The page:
Like the monarchy, the metric system, and the inexplicable desire to refer to Madonna as “Madge,” the “Johnny English” franchise is one of those British things that’s never really made it across the Atlantic. Hatched from an ad campaign that remains considerably funnier than any of the feature comedies that have derived from it, these doddering James Bond spoofs are reliably massive draws on the other side of the pond, but American moviegoers don’t seem to have any interest in seeing Rowan Atkinson wreak havoc as a braindead spy who always manages to save the day (2011’s “Johnny English Reborn,” the second chapter of what’s now a trilogy, grossed a measly five percent of its $160 million take from the United States). If nothing else, the limp and lifeless “Johnny English Strikes Again” serves as final confirmation that America was right to reject these moldy imports — consider it a pyrrhic victory for our paranoid new border policies.
More of the same, but also just a little bit less, “Johnny English Strikes Again” may not boast much appeal for domestic moviegoers, but at least it’s perfectly accessible for any series newcomers who happen to walk into the wrong theater by mistake. The premise couldn’t be simpler: What if Mr. Bean were cast as James Bond? No time travel, no fembots, no sharks with laser beams on their foreheads — the only real difference between James Bond and Johnny English is that one of them adopts “007” as a codename, and the other as an I.Q. score (Neal Purvis and Robert Wade even developed a draft of the first installment the same year they wrote “The World Is Not Enough”). English is essentially a walking parody of “British Intelligence,” and while that could be a fun idea to skewer in the Brexit era, the scattered political commentary in “Strikes Again” is as undercooked as the jokes.
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It’s been seven years since his last adventure (which ended with English pulling a Frank Drebin and attacking the Queen), and it seems our hero’s incompetence has finally become too much of a liability for MI7. When the story picks up, the disgraced spy is working as a geography teacher at a posh boarding school in the countryside where all the kids love him. And why shouldn’t they? Instead of forcing his students to memorize a map of the world, English trains them in the art of classic espionage. It’s a curriculum of ziplines and exploding pen caps and the right way to seduce a mark, and — if only for a moment — it seems as though screenwriter William Davies has conceived some kind of Hogwarts for old-school spies. That might have been fun.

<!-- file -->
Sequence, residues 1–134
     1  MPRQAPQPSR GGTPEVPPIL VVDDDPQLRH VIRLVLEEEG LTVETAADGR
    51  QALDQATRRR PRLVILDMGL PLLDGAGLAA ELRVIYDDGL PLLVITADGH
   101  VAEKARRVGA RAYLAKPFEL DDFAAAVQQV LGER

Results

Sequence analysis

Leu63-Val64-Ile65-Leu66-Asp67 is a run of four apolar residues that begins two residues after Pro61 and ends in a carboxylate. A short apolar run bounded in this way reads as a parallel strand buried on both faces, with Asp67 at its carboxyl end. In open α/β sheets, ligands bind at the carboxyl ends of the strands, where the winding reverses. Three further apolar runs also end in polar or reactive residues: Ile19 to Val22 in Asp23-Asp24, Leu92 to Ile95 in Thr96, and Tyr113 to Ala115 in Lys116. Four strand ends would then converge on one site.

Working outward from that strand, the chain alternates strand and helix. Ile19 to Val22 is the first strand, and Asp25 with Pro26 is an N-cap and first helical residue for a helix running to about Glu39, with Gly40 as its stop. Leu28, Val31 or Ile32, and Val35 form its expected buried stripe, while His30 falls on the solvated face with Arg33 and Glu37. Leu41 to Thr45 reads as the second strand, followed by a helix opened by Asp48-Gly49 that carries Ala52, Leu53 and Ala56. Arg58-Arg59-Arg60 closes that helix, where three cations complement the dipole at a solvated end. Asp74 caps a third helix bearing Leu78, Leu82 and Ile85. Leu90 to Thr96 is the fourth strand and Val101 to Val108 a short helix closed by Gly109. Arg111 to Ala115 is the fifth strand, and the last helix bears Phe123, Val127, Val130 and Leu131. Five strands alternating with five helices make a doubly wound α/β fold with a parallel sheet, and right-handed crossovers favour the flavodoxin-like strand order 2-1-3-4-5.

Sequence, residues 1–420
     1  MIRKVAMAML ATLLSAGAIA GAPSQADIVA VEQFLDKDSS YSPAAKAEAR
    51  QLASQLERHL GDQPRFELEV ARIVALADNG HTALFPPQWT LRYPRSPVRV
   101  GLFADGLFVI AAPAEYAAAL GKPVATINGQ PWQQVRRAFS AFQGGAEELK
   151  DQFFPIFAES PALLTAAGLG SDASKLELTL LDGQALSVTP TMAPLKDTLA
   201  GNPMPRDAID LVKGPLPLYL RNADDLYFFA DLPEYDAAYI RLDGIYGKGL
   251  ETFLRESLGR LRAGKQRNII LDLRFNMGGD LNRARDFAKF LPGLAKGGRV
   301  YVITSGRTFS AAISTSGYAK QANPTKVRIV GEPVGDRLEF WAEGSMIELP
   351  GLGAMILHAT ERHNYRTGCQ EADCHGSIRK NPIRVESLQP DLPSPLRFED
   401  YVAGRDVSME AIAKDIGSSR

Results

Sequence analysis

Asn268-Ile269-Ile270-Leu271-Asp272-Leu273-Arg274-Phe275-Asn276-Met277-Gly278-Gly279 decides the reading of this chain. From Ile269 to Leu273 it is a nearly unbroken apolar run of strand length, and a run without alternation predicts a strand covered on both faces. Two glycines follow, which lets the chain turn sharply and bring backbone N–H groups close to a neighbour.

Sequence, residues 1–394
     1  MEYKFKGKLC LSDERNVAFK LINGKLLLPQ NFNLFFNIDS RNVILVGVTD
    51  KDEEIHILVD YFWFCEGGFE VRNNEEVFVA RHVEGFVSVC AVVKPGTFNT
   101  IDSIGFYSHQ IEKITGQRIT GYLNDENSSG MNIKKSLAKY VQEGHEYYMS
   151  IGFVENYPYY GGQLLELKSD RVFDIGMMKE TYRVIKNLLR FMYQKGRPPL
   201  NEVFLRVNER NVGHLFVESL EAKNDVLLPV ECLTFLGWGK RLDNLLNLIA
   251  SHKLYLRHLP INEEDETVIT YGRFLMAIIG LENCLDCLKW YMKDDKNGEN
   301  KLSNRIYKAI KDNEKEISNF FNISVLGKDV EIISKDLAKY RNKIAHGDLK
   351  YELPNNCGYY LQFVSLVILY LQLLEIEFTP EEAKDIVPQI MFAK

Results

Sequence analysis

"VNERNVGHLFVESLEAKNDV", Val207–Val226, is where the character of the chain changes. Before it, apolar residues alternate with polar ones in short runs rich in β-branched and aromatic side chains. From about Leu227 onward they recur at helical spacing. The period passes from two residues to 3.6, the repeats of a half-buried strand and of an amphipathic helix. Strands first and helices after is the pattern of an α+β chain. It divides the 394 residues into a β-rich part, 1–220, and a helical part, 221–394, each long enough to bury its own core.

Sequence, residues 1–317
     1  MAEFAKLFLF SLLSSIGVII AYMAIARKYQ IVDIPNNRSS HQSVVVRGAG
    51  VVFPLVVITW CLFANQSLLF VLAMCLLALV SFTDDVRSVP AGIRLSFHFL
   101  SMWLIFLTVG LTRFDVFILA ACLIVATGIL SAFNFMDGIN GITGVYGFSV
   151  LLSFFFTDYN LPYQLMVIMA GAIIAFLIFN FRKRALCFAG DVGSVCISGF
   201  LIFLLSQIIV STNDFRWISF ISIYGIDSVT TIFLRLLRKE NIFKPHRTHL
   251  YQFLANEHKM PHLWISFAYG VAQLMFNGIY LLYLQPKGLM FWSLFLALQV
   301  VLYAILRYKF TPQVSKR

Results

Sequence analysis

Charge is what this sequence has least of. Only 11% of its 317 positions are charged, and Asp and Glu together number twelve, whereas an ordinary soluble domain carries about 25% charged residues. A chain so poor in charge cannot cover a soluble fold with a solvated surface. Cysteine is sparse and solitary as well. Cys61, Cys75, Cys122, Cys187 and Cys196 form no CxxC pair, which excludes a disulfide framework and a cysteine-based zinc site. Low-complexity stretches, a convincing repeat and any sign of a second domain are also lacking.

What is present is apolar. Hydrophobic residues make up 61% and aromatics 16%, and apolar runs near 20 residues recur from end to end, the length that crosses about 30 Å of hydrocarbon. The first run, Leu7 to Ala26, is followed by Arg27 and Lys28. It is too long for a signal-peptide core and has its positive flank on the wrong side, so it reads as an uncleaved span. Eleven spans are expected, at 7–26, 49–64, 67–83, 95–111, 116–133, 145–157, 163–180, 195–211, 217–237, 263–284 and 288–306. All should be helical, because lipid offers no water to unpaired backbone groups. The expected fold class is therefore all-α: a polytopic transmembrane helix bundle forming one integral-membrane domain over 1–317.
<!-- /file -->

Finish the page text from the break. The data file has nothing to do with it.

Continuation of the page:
Alas, it’s back to business as usual when someone hacks the British government and reveals the identities of the nation’s secret agents. Cut to: The panicky, power-hungry Prime Minister. She’s played by Emma Thompson, whose performance stirs Theresa May, Tony Blair, and Margaret Thatcher into a desperate stew, and continues the franchise’s tradition of vastly overachieving with its casts (the previous film starred Gillian Anderson, Daniel Kaluuya, Rosamund Pike, and Richard Schiff!). And Prime Minister Thompson is in desperate need of someone — anyone — who hasn’t been compromised by the vicious cyber attack. Enter Mr. English, an analog spy in a digital world.